A wine, of course, and a red wine at that. Its name means we can be certain it comes from Hungary, and from two wine regions in particular, Eger or Szekszárd. But what will the wine taste like after we open the bottle?
Just a 'little' history…
A short introduction follows. If you don’t want to read it, then scroll down straight away, although I think it’s a shame to skip the story and the legends. Firstly, it’s worth mentioning that white wines dominated in the Kingdom of Hungary until the end of the Middle Ages. This has changed over the centuries, as the advance of the Turks in the Balkans caused the southern Slavs to migrate north and it was they who introduced the Hungarians to the open vat fermentation of black grapes. In fact, they brought with them their well-established grape varieties, Kadarka, Csókaszőlő and Kratosija (which is identical to Zinfandel and was used to make sweet straw wines near the Danube in Budapest, in the early 1800s). When the Turks were driven back in the late 17th and early 18th centuries, many Germany settlers arrived in the kingdom, and for several hundred years, the three counties of Baranya, Tolna and Somogy were called Swabian Turkey. The worthy Germany put the cleanliness of the cellar first and foremost (neat and tidy Swabian cellars, as we all know) and brought the Portugieser variety with them. But that’s another story.
So, back to the Serbs, Croats, Dalmatians, Šokcis and Bunyevaks, or rather the Slavs, who in their own homeland even called a cellar’s best (most deeply coloured, fieriest) red wine Bull’s Blood, or Bikavér, or in Serbian, Bikova Krv. This custom then spread too, just like their black grapes, and Bikavér became the top wine in all the wine regions inhabited by Serbs and Croats, from Mohács through Szekszárd and Szentendre all the way to Eger. Let’s not go too deeply into the fact that a legend persists among the stalwart people of Eger that during the siege of Eger in 1552, when the Turks failed to take the castle, it was widely believed that the Hungarians had fought like lions because they had been drinking the blood of slaughtered bulls, whereas they had only been drinking wine because the water in the wells had been poisoned. It’s a good story, but at that time, people drank more white wine around there, although it is true that there was already a Serbian part of Eger.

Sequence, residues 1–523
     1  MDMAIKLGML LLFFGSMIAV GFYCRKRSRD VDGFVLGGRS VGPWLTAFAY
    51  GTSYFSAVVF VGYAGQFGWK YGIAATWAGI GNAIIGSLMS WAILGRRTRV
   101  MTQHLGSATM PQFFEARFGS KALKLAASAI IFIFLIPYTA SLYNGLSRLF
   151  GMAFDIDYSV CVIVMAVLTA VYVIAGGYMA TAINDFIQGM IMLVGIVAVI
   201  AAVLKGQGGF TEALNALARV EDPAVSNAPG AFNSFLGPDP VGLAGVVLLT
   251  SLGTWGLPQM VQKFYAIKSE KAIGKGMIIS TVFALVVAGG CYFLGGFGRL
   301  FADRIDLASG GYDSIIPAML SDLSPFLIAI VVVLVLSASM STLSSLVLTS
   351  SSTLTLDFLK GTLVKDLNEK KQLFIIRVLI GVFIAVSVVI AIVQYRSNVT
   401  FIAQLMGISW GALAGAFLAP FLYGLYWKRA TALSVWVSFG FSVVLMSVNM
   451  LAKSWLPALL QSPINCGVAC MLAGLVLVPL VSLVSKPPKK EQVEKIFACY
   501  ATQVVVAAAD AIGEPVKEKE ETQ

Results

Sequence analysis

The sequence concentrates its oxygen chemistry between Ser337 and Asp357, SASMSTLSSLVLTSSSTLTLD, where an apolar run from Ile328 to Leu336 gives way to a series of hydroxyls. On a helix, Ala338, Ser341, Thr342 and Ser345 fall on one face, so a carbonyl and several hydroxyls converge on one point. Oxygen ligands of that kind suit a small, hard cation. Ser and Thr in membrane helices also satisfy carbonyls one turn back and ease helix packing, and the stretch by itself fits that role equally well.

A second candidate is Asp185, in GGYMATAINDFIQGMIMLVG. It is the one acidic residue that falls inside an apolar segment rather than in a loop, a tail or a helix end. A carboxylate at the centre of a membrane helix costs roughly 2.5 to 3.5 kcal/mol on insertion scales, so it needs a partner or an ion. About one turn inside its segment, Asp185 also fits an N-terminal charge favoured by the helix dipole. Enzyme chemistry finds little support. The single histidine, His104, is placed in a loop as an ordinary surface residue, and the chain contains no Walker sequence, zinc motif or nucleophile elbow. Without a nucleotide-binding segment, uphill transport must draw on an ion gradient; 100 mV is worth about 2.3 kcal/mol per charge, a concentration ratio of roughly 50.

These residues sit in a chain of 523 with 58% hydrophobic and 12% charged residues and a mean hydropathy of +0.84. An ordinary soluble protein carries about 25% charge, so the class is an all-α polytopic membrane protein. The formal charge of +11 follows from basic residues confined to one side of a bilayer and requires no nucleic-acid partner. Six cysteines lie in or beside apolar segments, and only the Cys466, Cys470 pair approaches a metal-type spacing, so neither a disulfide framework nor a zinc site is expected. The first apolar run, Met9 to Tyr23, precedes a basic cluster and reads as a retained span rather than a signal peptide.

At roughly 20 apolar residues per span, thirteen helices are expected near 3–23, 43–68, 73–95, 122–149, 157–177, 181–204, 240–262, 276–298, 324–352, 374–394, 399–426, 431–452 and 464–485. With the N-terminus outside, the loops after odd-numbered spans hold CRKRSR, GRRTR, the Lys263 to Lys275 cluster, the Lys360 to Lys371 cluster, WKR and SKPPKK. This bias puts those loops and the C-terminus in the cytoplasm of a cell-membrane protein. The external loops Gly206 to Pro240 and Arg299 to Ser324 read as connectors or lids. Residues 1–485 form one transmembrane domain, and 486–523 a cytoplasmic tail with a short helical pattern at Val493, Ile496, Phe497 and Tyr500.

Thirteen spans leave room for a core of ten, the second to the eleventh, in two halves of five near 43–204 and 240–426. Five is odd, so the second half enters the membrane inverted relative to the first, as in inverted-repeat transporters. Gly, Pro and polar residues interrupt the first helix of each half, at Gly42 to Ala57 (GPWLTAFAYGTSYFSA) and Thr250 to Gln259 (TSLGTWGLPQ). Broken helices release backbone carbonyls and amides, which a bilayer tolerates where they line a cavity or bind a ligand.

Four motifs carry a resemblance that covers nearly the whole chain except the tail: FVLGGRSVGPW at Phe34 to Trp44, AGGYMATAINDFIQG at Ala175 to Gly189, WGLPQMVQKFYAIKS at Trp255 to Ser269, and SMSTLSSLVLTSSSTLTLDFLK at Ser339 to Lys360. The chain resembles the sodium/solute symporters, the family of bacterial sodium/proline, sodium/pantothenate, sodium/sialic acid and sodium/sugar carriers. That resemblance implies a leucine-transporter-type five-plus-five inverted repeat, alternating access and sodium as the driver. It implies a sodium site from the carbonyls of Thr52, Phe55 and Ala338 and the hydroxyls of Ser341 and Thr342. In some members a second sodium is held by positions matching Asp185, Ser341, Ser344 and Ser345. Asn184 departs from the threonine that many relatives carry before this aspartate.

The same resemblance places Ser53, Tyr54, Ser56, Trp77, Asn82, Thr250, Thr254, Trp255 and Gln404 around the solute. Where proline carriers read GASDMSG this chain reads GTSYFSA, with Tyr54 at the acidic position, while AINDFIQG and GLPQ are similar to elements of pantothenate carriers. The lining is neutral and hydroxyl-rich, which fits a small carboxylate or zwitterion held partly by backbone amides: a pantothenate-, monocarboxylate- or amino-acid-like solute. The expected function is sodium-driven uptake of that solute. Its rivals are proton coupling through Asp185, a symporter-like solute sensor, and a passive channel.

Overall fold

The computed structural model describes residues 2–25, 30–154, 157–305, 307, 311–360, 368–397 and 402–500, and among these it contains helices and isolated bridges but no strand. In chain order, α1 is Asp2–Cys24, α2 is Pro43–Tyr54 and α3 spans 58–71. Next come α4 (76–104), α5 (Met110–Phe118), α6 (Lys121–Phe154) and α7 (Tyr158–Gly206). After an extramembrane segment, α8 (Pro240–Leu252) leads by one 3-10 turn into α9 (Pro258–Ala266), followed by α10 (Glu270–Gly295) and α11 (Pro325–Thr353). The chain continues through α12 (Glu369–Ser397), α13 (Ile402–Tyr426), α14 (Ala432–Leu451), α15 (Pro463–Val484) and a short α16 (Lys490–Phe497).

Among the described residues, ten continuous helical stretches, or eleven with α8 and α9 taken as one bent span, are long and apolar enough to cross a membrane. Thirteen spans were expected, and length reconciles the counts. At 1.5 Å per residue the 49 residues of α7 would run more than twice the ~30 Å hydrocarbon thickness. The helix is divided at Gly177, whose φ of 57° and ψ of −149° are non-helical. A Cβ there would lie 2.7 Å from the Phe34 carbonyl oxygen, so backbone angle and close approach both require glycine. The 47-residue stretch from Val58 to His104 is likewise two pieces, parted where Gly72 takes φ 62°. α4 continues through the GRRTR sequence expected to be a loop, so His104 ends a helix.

Then, in the nineteenth century, several important changes occurred regarding Bikavér. One of them is that a moderately well-known poet from Szekszárd wrote the word Bikavér in a poem about wine, and this poem has survived, making it the first mention of Bikavér as a wine, and of Szekszárd, to this day. The other is that a wine merchant and producer from Eger published a ‘recipe’ for Bikavér. Of course, more importantly, at the beginning of the 20th century, just after phylloxera, he broke with tradition and cultivated each different variety in a separate vineyard, harvested and fermented them separately and then blended the finished wines. It is to him that we owe the first modern Bikavérs.
Let's discover the taste!
I know, I’m talking (or writing) too much. So, we now know everything about Bikavér in theory, but we have no idea what it’s like in reality! I’m afraid I have to disappoint you all, as there’s no way of putting this simply. Basically, Eger and Szekszárd have two very different terroirs. The former’s soils were formed over volcanic tuff, the latter’s over loess. Eger is located further north, a cooler region with a true cool climate, while Szekszárd is located further south next to the Danube, with red wines showing a more Mediterranean influence. However, both regions agree (and it was a long journey to get there) that Bikavér should be dominated by Carpathian varieties, with a special emphasis on Kékfrankos.
For those who think it’s plain sailing from here, I’d like to point out how adding 30% Cabernet Sauvignon or 20% Merlot to 40-50% Kékfrankos can change the character of the wine! Moreover, in Eger, Bikavér can be produced at three levels, which can give rise to further misunderstandings. The Classicus Bikavérs are lighter, the Superior more serious and the Grand Superior concentrated yet elegant. Good examples of basic Egri Bikavér are made by larger wineries like Juhász Testvérek, Ostoros, while for the higher categories, it is worth looking around at smaller wineries such as Böjt, Bukolyi or Thummerer.
The situation is a little simpler in Szekszárd where only standard and premium Bikavérs are made, the latter of course from higher quality fruit. However, interestingly enough, it seems to be the Szekszárd wine region, in defiance of its Mediterranean red wine stereotype, where a higher proportion of local varieties (Kékfrankos and Kadarka) is used, which is perhaps why the emphasis is on a lighter, more elegant style. A good example of this is János Németh, who uses almost only Carpathian Basin varieties in his Bikavér, although Péter Vida’s Bikavér is also an excellent demonstration of this more elegant, lighter style. The Szekretár Estate produces a more serious, fuller-bodied wine, while the Sebestyén Winery boasts several single vineyard Bikavérs.